Lorraine Hansberry Night Thread

Lorraine Hansberry was born on May 19, 1930. Info on her courtesy Wikipedia. 

Hansberry was the first black female author to have a play performed on Broadway. Her best known work, the play A Raisin in the Sun, highlights the lives of Black Americans living under racial segregation in Chicago.

She attended the University of Wisconsin–Madison, where she immediately became politically active and integrated a dormitory. Hansberry’s classmate Bob Teague remembered her as “…the only girl I knew who could whip together a fresh picket sign with her own hands, at a moment’s notice, for any cause or occasion”.[6]

In 1951, she joined the staff of the black journal Freedom Newspaper. She worked on not only the US civil rights movement, but also global struggles against colonialism and imperialism.[11] Hansberry wrote in support of the Mau Mau Uprising in Kenya, criticizing the mainstream press for its biased coverage.[13]

On June 20, 1953,[10] she married Robert Nemiroff, a Jewish publisher, songwriter and political activist.[18] On the night before their wedding in 1953, Nemiroff and Hansberry protested the execution of Julius and Ethel Rosenberg in New York City.[19]

It is widely believed that Hansberry was a closeted lesbian, a theory supported by her secret writings in letters and personal notebooks.[20][21] She was an activist for gay rights and wrote about feminism and homophobia, joining the Daughters of Bilitis and contributing two letters to their magazine, The Ladder, in 1957 under her initials “LHN.” She separated from her husband at this time, but they continued to work together.[22][23]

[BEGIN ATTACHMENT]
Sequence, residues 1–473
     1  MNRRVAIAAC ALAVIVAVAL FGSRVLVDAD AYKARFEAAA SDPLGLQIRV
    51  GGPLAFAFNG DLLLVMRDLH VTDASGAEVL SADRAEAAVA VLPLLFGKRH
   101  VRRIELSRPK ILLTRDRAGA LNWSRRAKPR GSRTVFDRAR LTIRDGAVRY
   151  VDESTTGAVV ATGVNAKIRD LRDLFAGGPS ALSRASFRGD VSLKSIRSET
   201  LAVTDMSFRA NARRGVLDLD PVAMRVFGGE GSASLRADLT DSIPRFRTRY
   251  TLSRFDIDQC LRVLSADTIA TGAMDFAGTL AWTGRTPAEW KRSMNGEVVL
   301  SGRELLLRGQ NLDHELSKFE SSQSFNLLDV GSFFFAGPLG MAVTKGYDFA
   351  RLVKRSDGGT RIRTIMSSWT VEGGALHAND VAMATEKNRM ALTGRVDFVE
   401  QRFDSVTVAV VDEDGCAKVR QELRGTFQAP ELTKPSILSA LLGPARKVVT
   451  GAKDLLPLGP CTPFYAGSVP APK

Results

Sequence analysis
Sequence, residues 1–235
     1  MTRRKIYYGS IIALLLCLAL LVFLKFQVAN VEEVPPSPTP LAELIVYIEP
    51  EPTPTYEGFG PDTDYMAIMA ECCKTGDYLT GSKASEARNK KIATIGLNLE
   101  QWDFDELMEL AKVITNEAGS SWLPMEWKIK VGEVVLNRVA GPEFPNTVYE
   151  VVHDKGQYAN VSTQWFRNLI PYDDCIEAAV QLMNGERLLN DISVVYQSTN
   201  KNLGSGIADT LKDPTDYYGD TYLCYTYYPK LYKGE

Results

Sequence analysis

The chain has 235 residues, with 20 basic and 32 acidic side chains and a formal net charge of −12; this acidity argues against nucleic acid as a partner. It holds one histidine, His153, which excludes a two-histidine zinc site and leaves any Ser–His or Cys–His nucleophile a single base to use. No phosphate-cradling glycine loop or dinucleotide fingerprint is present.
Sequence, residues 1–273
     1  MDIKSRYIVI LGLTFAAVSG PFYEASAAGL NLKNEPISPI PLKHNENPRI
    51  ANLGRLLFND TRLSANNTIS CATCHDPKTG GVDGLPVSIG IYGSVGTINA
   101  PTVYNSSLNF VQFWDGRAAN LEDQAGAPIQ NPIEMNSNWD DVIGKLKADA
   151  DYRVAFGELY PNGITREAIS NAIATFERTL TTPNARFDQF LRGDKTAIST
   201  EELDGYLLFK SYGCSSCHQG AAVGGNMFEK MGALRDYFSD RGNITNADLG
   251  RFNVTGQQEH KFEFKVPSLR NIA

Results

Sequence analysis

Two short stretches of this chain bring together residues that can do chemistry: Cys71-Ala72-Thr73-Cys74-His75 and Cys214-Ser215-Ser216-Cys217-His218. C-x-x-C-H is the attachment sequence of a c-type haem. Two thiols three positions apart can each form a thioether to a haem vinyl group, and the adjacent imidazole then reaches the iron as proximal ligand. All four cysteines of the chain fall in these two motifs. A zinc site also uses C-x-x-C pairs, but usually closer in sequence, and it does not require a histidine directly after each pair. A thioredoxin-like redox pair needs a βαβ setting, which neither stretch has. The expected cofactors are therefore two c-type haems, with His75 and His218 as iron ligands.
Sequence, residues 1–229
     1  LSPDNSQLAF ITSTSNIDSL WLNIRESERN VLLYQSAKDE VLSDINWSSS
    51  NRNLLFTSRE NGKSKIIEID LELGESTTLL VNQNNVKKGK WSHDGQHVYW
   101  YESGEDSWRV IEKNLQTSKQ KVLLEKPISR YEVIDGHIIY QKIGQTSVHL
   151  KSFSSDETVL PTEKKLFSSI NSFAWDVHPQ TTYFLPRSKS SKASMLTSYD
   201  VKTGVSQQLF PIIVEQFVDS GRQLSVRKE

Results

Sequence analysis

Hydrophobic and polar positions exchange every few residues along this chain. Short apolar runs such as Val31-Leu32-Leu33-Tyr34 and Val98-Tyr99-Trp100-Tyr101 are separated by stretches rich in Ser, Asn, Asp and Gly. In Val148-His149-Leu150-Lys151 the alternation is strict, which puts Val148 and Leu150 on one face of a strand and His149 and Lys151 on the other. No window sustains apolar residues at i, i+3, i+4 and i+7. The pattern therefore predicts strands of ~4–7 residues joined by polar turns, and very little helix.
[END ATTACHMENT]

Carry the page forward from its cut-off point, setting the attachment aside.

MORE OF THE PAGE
Opening on March 11, 1959, A Raisin in the Sun became the first play written by an African American woman to be produced on Broadway. The 29-year-old author became the youngest American playwright and only the fifth woman to receive the New York Drama Critics Circle Award for Best Play.[24] Over the next two years, Raisin was translated into 35 languages and was being performed all over the world.[25]

Sadly, Hansberry died at age 34 of pancreatic cancer. Nina Simone first released a song about Hansberry in 1969 called “To Be Young, Gifted and Black.” The title of the song refers to the title of Hansberry’s autobiography, which Hansberry first coined when speaking to the winners of a creative writing conference on May 1, 1964, “though it is a thrilling and marvelous thing to be merely young and gifted in such times, it is doubly so, doubly dynamic — to be young, gifted and black.”[44] Simone wrote the song with the poet Weldon Irvine and told him that she wanted lyrics that would “make black children all over the world feel good about themselves forever.”

Her tombstone is pretty kick-ass: